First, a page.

DALLAS -- It might as well be named The Alabama High.
Oklahoma lived it, inhaled it, held it in its lungs, let it course through its bloodstream. The exhale comes when the season starts.
Everything is different at OU because of that High. Different because the Sooners haven't won an outright Big 12 title since 2010 and beating Alabama in the Sugar Bowl feels like a championship. Different because Jerry Schmidt -- call him the Nick Saban of strength coaches -- never saw such an off-season effort for his dedicated Sooners. Different because despite the game contested between two all-time top-five programs, it felt like a huge upset.
"You can't even put it in words how we felt after that game," OU safety Julian Wilson said at Big 12 media days. "Basically the whole world counted us out. ... We've never been predicted to get blown out [to] have our fans leaving at halftime, that we were going to get murdered."
A little melodramatic, perhaps, but not when you consider Bama was favored by 16. No doubt, it was one of Saban's worst losses. There had been only 14 other previous L's at Alabama.
And this one should come without an asterisk perceptively attached since the Sooners sealed the 45-31 victory ...
... that it was tainted by the something less than a full effort by Bama. No championship was at stake. The Tide had left their hearts and souls at Jordan-Hare Stadium.
"Yeah, I heard that," offensive tackle Daryl Williams said. "I don't believe that."
Neither do the rest of the Sooners.
"I kind of take that as disrespect too," Wilson said. "You already counted us out saying we're going to lose the game, now we win the game and now you're saying [Alabama] wasn't playing hard? I've never heard anything like that."
The assertion is especially disrespectful considering Oklahoma had to rally from 7-0, 10-7 and 17-14 deficits. But we're not here to a conduct a forensics test on history. They're favored, these Sooners, to win their ninth Big 12 title in the past 15 years. They're confident that an Oklahoma team sporting an 11-1, 12-0 record is going to be playoff bait. The Sporting News has them preseason No. 1.
In the afterglow, beating Bama was one of the biggest of Bob Stoops' career. The teams hadn't met since OU swept a home-and-home in 2002-03. It certainly was his most significant bowl win in the 13 years since claiming that 2000 national championship. Only four times since 2003 has OU ended the season with a win over a program currently in a Power 5 conference.
Alabama was one of them, and it doesn't happen every day. Saban has lost only nine times since 2008. So, yeah, The High is special.
The 45 points tied for the second-most given up by a Nick Saban-coached team in 15 years. There were no excuses for a dynasty that experienced a similar Sugar meltdown to Utah in 2009.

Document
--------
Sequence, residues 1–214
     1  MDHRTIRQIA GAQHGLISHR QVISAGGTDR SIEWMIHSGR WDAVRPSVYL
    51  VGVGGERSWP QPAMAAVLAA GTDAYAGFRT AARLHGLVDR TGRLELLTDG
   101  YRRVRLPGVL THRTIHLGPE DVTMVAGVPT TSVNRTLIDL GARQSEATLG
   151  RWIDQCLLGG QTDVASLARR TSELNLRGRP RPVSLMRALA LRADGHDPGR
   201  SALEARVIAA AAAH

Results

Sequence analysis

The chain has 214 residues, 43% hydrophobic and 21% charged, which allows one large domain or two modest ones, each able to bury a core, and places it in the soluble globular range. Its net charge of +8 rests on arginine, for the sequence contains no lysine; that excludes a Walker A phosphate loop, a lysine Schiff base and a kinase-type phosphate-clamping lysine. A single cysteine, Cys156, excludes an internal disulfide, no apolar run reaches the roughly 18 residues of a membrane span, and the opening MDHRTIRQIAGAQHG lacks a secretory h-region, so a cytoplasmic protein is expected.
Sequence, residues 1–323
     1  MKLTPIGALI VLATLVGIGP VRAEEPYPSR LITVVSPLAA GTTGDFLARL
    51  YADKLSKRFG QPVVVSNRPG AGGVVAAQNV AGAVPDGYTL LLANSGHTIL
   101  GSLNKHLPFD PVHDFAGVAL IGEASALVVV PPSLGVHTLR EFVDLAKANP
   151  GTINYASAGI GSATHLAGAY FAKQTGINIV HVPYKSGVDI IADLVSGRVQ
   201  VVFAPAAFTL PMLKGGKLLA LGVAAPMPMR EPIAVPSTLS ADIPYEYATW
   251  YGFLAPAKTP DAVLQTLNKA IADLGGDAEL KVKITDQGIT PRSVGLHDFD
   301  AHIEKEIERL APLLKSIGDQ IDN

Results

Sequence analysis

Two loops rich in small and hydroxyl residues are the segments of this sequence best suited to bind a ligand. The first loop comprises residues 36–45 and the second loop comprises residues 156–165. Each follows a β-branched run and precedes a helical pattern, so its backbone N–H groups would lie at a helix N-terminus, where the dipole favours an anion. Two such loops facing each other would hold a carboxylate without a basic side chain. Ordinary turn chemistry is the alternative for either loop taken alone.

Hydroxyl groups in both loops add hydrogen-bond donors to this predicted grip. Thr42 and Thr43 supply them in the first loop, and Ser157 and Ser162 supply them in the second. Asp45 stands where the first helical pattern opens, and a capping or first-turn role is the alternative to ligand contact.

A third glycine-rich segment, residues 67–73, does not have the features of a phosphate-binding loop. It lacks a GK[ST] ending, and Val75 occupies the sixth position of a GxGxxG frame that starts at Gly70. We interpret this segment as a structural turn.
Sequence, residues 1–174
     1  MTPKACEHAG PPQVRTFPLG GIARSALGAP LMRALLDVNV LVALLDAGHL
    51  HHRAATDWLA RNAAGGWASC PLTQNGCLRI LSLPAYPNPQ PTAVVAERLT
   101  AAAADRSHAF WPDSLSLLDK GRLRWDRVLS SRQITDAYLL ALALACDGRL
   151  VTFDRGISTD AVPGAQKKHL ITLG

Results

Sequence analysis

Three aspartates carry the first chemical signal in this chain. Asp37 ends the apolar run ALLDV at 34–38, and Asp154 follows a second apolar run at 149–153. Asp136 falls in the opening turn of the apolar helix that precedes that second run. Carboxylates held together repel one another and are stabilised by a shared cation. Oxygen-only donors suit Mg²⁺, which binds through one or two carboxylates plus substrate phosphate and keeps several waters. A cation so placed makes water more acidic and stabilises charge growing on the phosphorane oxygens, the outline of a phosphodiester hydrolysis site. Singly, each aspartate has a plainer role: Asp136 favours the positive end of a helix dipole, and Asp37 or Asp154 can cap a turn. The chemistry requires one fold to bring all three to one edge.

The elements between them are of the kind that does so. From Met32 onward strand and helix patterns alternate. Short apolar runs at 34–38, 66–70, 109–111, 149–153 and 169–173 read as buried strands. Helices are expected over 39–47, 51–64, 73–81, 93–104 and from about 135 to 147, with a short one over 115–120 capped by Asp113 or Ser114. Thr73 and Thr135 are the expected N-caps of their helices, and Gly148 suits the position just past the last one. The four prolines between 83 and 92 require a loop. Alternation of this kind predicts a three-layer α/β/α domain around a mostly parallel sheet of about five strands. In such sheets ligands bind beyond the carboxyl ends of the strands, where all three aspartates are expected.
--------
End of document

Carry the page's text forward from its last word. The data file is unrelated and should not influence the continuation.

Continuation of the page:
"You realize," Baylor defensive end told The Oklahoman this week at the media days, "if it's not the national championship, Alabama don't even care who they play."
No, there was none of that. Not this time. Two quarterback careers diverged that night. AJ McCarron's may have been his worst game -- sacked seven times, two picks.
Trevor Knight, well, emerged. Knight is projected to fulfill his four-star, dual-threat promise because of the residue left from that High. Injuries and inconsistencies gave way to a 348-yard, four-touchdown game against the Tide.
"We've seen how we can play now ... " Knight said. "People can say what they want. Ask any 19-, 20-, 21-year-old. They're not going to lay down because it's a certain game. They [Alabama] were playing as hard as they can."
That's how quickly the season turned. Going into the Sugar Bowl, Stoops had played three quarterbacks -- none consistently distinguished himself. Kendal Thompson transferred after the season. Knight won the job, got injured, then won it back again. But prior to New Orleans, he had started and completed only two games.
Remember Blake Bell, the Belldozer? The dude came off the bench to win the Oklahoma State game, started eight games and threw for almost 2,000 yards. Now he's on the Mackey Award watch list as one of the nation's best tight ends without having played a snap at the position.
"Blake was recruited definitely as a quarterback," Stoops said. "But when you look at him now after three years, he is the prototype at tight end.
"I go back to even it's in his genes. His dad [Mark] was NFL tight end for [six] years. So he fits the bill perfectly."
Fortunes turned so quickly that Knight is expected to be the next great one at OU. Fortunes turned so quickly that the defense could be one of Stoops' best a year after leading the Big 12 in total D. Fortunes turned so quickly that receiver depth could be helped at some point by the transfer of Missouri's Dorial Green-Beckham. At worst, DGB will be eligible in 2015 if he doesn't go to the NFL.
The jaded among you know the obvious: OU has been favored before -- several times. Six times since 2001 the Sooners have been in the preseason top five. Twice, they've been the preseason AP No. 1 (2004, 2011). During that time they've won seven Big 12 titles.
These Sooners already know The High won't be everlasting. At some point they have to exhale.